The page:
A recent High Court decision has found that acceptance of a favourable decision of the Financial Ombudsman Service ("FOS"), awarding £100,000 (the then maximum sum which could be awarded by the FOS), did not preclude the recipient of that sum from claiming further losses via the courts, even though the award was expressed to be binding and final.
The decision may have a significant impact on financial institutions who, on the basis of an earlier decision in 2010, believed that where an award made by the FOS was accepted by a complainant, liability was capped at the level of the award.
The FOS complaint
Mr and Mrs Clark were advised by In Focus following the sale of a family business in 2001 and the sale of business premises in 2004. Losses resulted from that financial advice and they subsequently complained to the FOS. An initial FOS adjudication found that the complaint should be upheld and recommended that In Focus pay the Clarks £100,000 in full and final settlement of the complaint. In Focus did not agree with the decision but made an offer of £100,000 in full and final settlement. This was rejected by the Clarks who requested that the Ombudsman give a decision. The Ombudsman gave a provisional decision, largely adopting the reasoning and conclusions of the adjudicator. The decision stated that compensation should be in accordance with a formula which was designed to put the Clarks back where they would have been prior to the advice – and that the formula might produce a greater amount than the maximum he could award, namely £100,000 plus interest. He recommended that the amount should be paid in full and final settlement of the complaint. Again, In Focus offered £100,000 to the Clarks and they again refused to accept.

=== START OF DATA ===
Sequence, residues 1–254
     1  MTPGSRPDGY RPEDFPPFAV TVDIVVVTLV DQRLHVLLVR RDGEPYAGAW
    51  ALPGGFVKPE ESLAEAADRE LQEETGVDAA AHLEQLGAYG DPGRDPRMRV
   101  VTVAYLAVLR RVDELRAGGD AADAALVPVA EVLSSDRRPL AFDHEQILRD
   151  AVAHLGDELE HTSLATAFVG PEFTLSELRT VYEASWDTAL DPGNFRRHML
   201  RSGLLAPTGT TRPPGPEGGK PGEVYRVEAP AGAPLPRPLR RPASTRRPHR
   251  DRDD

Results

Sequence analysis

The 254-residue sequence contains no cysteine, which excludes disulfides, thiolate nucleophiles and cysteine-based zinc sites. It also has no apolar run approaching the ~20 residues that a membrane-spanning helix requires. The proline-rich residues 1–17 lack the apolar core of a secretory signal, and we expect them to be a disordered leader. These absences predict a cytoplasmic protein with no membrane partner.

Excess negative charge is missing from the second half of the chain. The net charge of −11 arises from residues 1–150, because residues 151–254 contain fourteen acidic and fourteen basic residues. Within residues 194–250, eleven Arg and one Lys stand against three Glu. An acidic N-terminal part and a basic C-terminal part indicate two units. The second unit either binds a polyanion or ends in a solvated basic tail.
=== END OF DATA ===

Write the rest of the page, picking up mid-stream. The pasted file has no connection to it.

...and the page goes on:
Some months later the Ombudsman issued his final decision. He upheld the complaint along the lines of the provisional decision. He explained in a letter to the Clarks that they had 28 days within which to decide whether to accept the offer and that if they accepted, they would "be bound by the decision, which will be final". Prior to accepting the decision, the Clarks' solicitor wrote to the Ombudsman asking for clarification as to the meaning of the words 'final' and 'binding' and asking whether his clients would be prejudiced in any way by accepting the decision. The Ombudsman did not give a view as to whether they would be prejudiced, were the £100,000 to be paid – this was a matter for the court.
The Clarks completed the pro forma acceptance / rejection form, indicating that they accepted the decision but adding a rider "We reserve the right to pursue the matter further through the civil court". The adjudicator responded stating that the Clarks' acceptance letter meant that the final decision was binding on all the parties and that In Focus needed to settle the complaint in accordance with its terms.
The civil claim
Aware that their actual damages were likely to be significantly higher than the maximum £100,000 compensation directed by the Ombudsman (as he had indicated), the Clarks subsequently brought a civil action seeking further damages. The Particulars of Claim acknowledged the £100,000 awarded by the FOS, for which the Clarks would give credit. In Focus applied to have the claim struck out, on the basis that, because the FOS award had been accepted, the court had no jurisdiction to consider a further claim.